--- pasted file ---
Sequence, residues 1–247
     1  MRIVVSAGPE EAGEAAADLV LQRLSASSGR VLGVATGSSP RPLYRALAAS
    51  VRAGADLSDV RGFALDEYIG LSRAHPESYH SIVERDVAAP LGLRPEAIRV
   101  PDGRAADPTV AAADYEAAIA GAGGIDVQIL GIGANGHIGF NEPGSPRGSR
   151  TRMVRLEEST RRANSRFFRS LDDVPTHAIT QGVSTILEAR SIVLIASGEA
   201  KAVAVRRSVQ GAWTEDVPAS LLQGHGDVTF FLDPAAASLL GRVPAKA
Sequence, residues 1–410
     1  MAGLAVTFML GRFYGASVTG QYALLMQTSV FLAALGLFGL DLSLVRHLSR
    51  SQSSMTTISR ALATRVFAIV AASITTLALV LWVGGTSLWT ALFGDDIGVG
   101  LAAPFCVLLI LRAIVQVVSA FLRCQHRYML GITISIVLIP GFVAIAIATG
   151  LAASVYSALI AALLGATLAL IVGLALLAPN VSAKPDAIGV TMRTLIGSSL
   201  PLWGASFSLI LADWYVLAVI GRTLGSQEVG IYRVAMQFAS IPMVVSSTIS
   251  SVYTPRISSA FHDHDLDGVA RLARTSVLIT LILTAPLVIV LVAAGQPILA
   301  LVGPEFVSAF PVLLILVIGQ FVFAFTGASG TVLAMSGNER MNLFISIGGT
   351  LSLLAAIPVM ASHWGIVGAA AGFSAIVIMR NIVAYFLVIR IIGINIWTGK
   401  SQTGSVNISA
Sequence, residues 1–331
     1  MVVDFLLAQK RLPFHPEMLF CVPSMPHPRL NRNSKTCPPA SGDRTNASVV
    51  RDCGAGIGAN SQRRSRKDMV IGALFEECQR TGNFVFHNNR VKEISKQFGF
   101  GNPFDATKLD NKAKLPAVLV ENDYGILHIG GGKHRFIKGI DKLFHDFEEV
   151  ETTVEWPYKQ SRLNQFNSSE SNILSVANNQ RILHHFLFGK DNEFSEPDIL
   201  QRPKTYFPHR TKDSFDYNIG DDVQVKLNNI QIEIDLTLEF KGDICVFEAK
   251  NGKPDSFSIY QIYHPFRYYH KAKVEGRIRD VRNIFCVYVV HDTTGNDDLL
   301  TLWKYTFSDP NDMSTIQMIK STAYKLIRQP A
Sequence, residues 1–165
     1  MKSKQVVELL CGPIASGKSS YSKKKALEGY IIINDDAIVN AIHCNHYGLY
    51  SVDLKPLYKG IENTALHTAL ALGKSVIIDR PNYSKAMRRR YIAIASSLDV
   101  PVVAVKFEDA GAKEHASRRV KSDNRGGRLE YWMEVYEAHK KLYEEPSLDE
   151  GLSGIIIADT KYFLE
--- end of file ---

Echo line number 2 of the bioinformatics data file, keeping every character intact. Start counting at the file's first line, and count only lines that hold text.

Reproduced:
     1  MRIVVSAGPE EAGEAAADLV LQRLSASSGR VLGVATGSSP RPLYRALAAS